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Continuum-based Modeling and Analysis of Lipid Membranes induced by Cellular Function

  • Author / Creator
    Belay, Tsegay
  • Lipid membranes represent a critically important interface in biological cells and cellular organelles and mediate all interactions between cells and their surrounding environment. Although quite fragile and negligibly thin, they can be homogeneous down to molecular dimension. Consequently, their mechanical properties can be described by idealizing their structure as a thin-walled continuum approximated by a two-dimensional surface. In this context, theoretical approaches based on continuum mechanics are becoming powerful tools to examine lipid bilayer membrane models to explain various aspects of the mechanical deformability of the membrane. However, the corresponding analysis most often involves heavy numerical treatments due to the highly nonlinear nature of the resulting systems of equations. For example, some analytical description of lipid membranes assembled into non-axisymmetric shapes such as rectangular and elliptical shapes remains largely absent from the literature. In addition, most bilayer membrane studies have been conducted using the classical elastic model of lipid membranes which cannot account for simultaneous changes in membrane shape and membrane tension arising from certain biological phenomena such as protein absorption or surface diffusion of proteins on the membrane surface. To address these issues, in the present work we employ the theory of continuum mechanics to develop a comprehensive model for predicting the deformation behavior of both uniform and non-uniform lipid bilayer membranes. For the uniform lipid membrane, our emphasis is to develop an analytical description for the membrane morphology when different membrane shapes are subjected to various types of boundary forces or membrane lipid-protein interactions. In this regard, we supply a complete analytical solution predicting the deformation profile of rectangular lipid membranes resulting from boundary forces acting on the perimeter of the membrane. We also give a complete semi-analytic analysis for the deformation profiles of lipid membranes induced by their interactions with solid elliptical cylinder substrates (e.g. proteins). In both problems, the theoretical framework for the mechanics of lipid membranes is described in terms of the classical Helfrich model. A linearized version of the shape equation describing the membrane morphology is obtained via a limit of superposed incremental deformations for the respective problems. Thus, complete analytical solutions are obtained by reducing the corresponding problem to a single partial differential equation and formulating the resulting shape equations with suitable coordinate systems to accommodate the shapes of the membrane. Each of the analytical results successfully predict smooth morphological transitions over the respective domain of interest. Membrane proteins play a vital role in various cellular activities (such as endocytosis, vesiculation and tubulation) yet the study of the contribution of membrane proteins presents a major challenge with one of the main difficulties being the lack of a full understanding of the mechanics of membrane-protein interaction. Therefore, a portion of this work is devoted to the study of the mechanics of vesicle formation on a non-uniform flat bilayer membrane where the vesicle formation process is assumed to be induced by surface diffusion of transmembrane proteins and acting line tension energy on the membrane. Much attention is also given to the discussion of the role of thickness deformation (distension) in the vesicle formation of the bilayer membrane. Since the classical elastic model of lipid membranes cannot account for simultaneous changes in membrane shape and membrane tension due to surface diffusion proteins, we propose a modified Helfrich-type model for non-homogeneous membranes. The proposed model is based on the free energy functional accounting for the bending energy of the membrane including the spontaneous curvature, thickness distension and the acting line tension energy on the boundary of the protein concentrated domain and the surrounding bulk lipid. In the analysis, the protein concentration level is coupled to the deformation of the membrane through the spontaneous curvature term appearing in the resulting shape equation. Our emphasis in this research is the rigorous mathematical treatment of this model, in particular to find the numerical solution of the membrane shape equation with associated boundary conditions. Accordingly, we supply numerical solutions by reducing the corresponding problem to a coupled two-point boundary value problem by the use of collocation method. These results successfully predict the vesicle formation phenomenon on a flat lipid membrane surface with a smooth transition of membrane thickness variation inside the boundary layer where the protein-free membrane and the protein-coated domain is observed.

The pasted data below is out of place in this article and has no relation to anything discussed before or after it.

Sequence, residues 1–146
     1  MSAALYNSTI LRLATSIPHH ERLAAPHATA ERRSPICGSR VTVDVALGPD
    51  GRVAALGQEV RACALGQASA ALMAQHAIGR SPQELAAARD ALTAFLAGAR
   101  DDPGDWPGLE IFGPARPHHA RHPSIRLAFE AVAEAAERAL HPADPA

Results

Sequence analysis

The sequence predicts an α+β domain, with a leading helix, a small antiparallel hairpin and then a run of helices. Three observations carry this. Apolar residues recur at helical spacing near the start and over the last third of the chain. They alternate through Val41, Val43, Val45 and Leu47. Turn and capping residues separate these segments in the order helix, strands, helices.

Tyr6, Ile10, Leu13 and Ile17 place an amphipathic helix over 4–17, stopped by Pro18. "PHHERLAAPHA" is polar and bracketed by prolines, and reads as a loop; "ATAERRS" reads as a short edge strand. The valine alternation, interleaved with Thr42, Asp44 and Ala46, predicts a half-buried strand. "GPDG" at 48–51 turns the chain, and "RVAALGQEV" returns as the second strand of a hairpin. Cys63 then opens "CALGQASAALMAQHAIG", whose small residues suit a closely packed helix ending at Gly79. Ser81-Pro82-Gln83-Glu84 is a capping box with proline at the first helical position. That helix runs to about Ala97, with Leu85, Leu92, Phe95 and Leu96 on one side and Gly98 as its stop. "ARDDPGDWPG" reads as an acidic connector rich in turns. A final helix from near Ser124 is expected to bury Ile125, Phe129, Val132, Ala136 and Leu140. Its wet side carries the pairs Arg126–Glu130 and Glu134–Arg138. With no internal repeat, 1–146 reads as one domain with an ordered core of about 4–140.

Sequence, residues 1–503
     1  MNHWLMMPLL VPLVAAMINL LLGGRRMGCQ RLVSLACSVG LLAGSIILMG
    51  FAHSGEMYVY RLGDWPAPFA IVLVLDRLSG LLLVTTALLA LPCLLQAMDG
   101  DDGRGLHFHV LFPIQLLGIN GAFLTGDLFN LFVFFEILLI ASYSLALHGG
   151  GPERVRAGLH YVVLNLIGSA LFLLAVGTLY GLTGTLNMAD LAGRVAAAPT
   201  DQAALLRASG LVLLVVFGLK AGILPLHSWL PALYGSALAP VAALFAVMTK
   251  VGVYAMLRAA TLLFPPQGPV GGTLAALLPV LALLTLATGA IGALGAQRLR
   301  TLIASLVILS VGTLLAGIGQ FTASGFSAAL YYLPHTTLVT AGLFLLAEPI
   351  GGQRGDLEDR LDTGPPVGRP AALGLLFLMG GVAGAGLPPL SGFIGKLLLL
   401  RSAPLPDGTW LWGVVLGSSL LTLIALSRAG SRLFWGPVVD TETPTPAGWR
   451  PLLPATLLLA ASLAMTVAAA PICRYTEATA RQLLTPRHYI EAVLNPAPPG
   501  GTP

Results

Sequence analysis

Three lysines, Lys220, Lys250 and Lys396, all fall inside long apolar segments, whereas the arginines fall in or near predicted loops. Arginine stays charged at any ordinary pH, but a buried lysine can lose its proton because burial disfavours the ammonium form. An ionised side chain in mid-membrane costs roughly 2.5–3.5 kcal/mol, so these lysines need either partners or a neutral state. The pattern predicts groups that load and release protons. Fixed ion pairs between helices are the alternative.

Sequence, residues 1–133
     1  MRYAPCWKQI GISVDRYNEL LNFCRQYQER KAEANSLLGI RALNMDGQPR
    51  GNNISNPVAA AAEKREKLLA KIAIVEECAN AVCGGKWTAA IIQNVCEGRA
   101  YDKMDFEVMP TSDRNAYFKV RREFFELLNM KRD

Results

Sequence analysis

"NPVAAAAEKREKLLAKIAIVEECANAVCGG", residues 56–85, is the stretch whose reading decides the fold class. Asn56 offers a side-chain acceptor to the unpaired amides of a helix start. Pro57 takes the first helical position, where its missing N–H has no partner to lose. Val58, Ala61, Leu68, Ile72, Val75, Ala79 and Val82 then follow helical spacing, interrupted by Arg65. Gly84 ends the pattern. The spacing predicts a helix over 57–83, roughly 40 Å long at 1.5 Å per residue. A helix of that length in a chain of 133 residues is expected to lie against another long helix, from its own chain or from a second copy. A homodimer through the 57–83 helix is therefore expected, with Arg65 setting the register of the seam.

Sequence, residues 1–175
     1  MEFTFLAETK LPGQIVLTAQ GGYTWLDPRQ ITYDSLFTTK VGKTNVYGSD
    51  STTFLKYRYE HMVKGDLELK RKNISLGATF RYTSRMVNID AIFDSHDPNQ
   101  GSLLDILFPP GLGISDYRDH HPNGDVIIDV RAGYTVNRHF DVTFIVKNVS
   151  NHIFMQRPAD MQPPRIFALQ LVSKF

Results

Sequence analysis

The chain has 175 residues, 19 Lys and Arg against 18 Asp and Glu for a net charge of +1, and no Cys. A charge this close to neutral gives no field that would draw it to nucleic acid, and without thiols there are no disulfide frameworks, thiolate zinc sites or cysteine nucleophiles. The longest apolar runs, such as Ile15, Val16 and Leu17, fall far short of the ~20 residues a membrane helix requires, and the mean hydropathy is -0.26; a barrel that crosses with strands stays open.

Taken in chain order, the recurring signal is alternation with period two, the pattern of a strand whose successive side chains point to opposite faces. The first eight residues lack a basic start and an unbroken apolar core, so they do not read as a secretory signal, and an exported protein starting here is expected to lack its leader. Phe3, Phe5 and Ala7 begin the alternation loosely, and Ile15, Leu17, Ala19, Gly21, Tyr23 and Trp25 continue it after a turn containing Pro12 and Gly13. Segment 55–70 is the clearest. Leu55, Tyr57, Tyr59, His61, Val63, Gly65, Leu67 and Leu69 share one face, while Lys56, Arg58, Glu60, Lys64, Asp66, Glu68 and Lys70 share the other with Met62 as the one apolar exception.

• Subjects / Keywords
  • Graduation date
    2016-06:Fall 2016
  • Type of Item
    Thesis
  • Degree
    Doctor of Philosophy
  • DOI
    https://doi.org/10.7939/R3R786051
  • License
    This thesis is made available by the University of Alberta Libraries with permission of the copyright owner solely for non-commercial purposes. This thesis, or any portion thereof, may not otherwise be copied or reproduced without the written consent of the copyright owner, except to the extent permitted by Canadian copyright law.
  • Language
    English
  • Institution
    University of Alberta
  • Degree level
    Doctoral
  • Department
    • Department of Mechanical Engineering
  • Supervisor / co-supervisor and their department(s)
    • Dr. P. Schiavone, Department of Mechanical Engineering
    • Dr. C.I. Kim, Department of Mechanical Engineering
  • Examining committee members and their departments
    • Dr. Prashant R. Waghmore, Department of Mechanical Engineering
    • Dr. Mohtada Sadrzadeb, Department of Mechanical Engineering
    • Dr. Henry van Roessel, Department of Mathematical and Statistical Sciences
    • Dr. C.I. Kim, Department of Mechanical Engineering
    • Dr. P. Schiavone, Department of Mechanical Engineering